Abel Still Speaks by Jeffrey Rosario

Abel Still Speaks

by Jeffrey Rosario  |  March 4, 2016

Immediately after the fall of humanity recorded in Genesis 3, the story moves to the next generation of the human race. It’s the story of Cain and Abel. Yet in this chapter, there is no mention of a deceptive serpent. Humans have been so infected with the poison of sin that they are now perfectly capable of deceiving themselves. Deception now resides in the heart.

The conflict between Cain and Abel is the first manifestation of the struggle foretold in Genesis 3:15. These brothers embody the controversy between good and evil that will take up the biblical story till the end. In Genesis 4, the focus lies in how humans choose to relate to God. But this is not a story about believers and unbelievers. Both Abel and Cain acknowledge that God merits their worship; both bring an offering and both approach the altar. Here we have two professed worshipers––very different worshipers.

The text tells us that “Abel brought of the firstborn of his flock” (Genesis 4:4). He offered to God his best. This was an act of faith. By giving God his firstborn, he was also consecrating to God his second, third, etc. It was an expression that God deserves the best we have and that He comes first in our priorities. Our decision regarding that which is most valuable to us is what reveals our relation to God.

When it comes to Cain, the text doesn’t say that he brought the first fruits of his crops. That omission is telling. We are only vaguely informed that “in the process of time” Cain gathered enough to bring God an offering. I get the impression that he made sure he had enough for himself before taking God’s offering into consideration. So he approached the altar on his own terms and expected God to be happy with whatever he felt like bringing. God was pleased with Abel’s offering, but had no regard for Cain’s.

…he approached the altar on his own terms and expected God to be happy with whatever he felt like bringing.

The issue of offerings in this story reveals important things about the heart. It demonstrates how an individual thinks of God and the place God holds in a person’s life. This point will continually surface throughout the Old Testament narrative. In Malachi 1 we find God still dealing with this. In response to the pathetic leftover offerings that the religious leaders are bringing to Him, the Lord says: “Try offering them to your governor! Would he be pleased with you? Would he accept you?” (Malachi 1:8).

Those are strong words. They are a wakeup call because in everyone of our hearts there is Cain and Abel going to battle. How important is God to us? What place does He hold in our lives? Our offerings come in a wide range of ways. Regarding our time, are we merely bringing to God our leftovers? What about our energy, attention, money, etc. What do our offerings say about our God?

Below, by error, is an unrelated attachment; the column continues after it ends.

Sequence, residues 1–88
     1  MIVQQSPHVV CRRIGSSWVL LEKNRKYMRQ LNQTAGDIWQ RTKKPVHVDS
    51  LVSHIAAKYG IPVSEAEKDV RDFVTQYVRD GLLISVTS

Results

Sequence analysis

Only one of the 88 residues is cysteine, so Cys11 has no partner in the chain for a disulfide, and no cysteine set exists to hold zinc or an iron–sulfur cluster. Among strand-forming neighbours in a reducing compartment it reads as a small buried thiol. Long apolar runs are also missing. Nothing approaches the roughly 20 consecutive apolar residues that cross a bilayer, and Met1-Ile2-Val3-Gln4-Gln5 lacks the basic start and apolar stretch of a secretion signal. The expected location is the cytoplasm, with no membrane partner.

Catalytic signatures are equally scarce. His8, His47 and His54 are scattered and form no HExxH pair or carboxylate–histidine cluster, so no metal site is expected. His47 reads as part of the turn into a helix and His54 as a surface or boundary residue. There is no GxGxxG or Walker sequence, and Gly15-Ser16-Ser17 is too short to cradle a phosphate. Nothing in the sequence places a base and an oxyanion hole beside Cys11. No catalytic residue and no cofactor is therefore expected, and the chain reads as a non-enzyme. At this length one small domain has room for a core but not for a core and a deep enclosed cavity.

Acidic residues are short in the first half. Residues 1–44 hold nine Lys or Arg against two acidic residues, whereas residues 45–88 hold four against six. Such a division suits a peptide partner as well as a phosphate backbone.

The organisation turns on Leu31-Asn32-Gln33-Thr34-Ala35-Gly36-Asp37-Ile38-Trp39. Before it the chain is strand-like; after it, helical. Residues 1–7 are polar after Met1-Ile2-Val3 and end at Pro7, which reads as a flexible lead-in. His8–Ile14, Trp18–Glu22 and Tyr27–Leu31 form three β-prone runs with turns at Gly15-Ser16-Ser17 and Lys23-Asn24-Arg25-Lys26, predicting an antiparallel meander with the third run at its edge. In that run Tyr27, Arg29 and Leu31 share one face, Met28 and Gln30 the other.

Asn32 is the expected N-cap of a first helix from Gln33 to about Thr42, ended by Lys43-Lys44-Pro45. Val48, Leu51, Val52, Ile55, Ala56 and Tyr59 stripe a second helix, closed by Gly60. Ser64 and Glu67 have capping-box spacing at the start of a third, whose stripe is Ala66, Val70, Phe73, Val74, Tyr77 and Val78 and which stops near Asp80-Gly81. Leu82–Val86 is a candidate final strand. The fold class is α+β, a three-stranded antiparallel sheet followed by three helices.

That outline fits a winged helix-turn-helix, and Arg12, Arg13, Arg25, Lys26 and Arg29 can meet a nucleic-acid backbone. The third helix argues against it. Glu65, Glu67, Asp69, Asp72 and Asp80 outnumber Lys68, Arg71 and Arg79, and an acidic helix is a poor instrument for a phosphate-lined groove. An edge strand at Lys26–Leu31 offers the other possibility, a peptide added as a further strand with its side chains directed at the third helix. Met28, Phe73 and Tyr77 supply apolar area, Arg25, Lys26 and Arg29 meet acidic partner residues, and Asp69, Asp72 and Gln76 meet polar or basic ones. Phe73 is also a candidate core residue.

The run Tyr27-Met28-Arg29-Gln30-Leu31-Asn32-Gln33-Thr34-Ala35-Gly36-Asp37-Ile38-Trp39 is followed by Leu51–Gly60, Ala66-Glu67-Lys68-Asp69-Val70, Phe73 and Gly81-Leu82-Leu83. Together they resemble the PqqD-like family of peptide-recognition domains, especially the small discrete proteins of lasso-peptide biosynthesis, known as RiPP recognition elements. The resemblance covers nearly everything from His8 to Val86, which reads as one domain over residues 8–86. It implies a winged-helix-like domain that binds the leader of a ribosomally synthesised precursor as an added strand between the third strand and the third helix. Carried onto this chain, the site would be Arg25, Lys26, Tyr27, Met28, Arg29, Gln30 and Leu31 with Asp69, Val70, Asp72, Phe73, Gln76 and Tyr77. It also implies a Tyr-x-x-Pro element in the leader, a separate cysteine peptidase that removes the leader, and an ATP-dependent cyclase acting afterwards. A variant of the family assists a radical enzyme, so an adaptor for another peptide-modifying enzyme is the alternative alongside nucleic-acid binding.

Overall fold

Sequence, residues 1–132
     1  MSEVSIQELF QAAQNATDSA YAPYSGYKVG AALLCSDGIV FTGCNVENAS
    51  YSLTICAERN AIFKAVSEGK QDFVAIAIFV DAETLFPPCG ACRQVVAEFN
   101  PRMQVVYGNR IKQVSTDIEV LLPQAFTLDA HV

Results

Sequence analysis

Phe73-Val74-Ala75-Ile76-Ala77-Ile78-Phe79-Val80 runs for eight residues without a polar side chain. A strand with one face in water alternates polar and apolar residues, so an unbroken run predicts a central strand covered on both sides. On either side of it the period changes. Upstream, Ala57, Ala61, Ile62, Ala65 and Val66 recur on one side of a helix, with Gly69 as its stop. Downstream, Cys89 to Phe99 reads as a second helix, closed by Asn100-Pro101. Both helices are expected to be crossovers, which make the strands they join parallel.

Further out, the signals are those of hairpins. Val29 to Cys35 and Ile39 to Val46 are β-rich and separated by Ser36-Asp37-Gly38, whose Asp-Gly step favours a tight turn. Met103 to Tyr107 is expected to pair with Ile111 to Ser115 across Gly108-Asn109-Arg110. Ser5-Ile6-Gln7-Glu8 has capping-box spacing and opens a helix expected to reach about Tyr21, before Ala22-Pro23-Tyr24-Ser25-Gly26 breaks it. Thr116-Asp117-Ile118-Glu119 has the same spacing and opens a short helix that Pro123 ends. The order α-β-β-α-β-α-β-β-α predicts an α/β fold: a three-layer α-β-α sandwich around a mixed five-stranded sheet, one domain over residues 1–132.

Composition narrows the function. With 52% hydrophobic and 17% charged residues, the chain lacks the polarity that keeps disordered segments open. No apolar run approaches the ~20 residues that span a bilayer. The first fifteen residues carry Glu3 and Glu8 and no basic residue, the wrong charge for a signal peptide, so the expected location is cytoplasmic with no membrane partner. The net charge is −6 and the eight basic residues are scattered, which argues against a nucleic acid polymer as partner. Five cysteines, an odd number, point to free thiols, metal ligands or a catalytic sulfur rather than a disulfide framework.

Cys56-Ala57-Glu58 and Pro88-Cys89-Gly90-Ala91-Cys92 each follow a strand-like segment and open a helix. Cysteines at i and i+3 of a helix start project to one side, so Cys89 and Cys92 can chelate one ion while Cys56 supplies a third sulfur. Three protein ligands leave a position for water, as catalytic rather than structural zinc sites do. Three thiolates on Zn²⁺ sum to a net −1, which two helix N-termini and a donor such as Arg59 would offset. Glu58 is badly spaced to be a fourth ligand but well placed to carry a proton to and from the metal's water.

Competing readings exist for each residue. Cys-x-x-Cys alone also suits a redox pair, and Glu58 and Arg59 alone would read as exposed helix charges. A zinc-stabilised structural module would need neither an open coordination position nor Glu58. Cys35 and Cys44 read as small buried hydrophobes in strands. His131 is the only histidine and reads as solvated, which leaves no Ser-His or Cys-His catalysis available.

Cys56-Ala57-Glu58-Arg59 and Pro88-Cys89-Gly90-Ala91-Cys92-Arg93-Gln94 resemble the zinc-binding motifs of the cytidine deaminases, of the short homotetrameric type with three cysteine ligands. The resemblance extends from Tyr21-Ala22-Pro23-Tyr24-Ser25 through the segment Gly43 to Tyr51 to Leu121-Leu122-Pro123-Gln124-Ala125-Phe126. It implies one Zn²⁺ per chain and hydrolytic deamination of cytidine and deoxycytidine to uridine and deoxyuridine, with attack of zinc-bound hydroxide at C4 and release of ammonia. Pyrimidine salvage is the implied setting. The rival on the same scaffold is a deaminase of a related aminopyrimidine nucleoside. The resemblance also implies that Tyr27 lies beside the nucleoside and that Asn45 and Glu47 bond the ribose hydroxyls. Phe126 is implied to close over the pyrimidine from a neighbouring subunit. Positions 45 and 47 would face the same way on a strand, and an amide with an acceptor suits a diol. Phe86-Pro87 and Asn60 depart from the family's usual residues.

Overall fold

For many generations later, Abel’s legacy was that “he obtained witness that he was righteous, God testifying of his gifts; and through it he being dead still speaks” (Hebrews 11:4). May we shun the Cain in all of us that puts God secondary, and may we follow in the way of Abel in enthroning God in our hearts and exalting Him by the quality of what we bring to His altar.

From where do we gather the motivation and the commitment for such a life? As Paul put it, “For the love of Christ compels us… He died for all, that those who live should live no longer for themselves, but for Him who died for them and rose again” (2 Corinthians 5:14, 15). God Himself is the ultimate giver. In the person of Jesus Christ, God emptied the treasures of heaven and gave the ultimate offering.

Jeffrey Rosario Speaker
Light Bearers
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  • Bruce Schmidt

    Amen.

  • Solomon L Wamala

    Good article,but I’m struggling with the picture of a God who needs to be appeased . I think you could have made it more clearer why He deserves the best

  • Snr. NY Boateng

    Great article. I never really paid much attention to the statement, in the process of time and its possible relevance to the “un-acceptability” of the offering until today. Thanks for the insight. God bless you.

  • Jordan River

    Doesn’t this version of the Cain and Abel story seems to fall into the same trap that many others have done? We try to explain why God rejected Cain, or what was wrong with his offering, when the text offers no judgments of this kind at all. Then we try to invest the text with a moral which makes the story more acceptable. But as we are not given a motive for Cain’s offering and subsequently for God’s refusal of his offering, we can easily miss the point of the story.

    Consider that, for no reason at all that we know of, God rejected Cain but accepted Abel’s offering. The test came this way to Cain as it had to Adam and Eve: presented with a choice, how would he respond? Cain becomes angry at the favoritism showed by God, but what will he do? As in ancient stories such as the Iliad, the anger of a single man is shown to be a shaper of history. Cain murders his brother, setting up death by jealousy as motive for many murders to come. Human life begins to unravel through anger, jealousy and murder.

    Yet God’s grace protects Cain…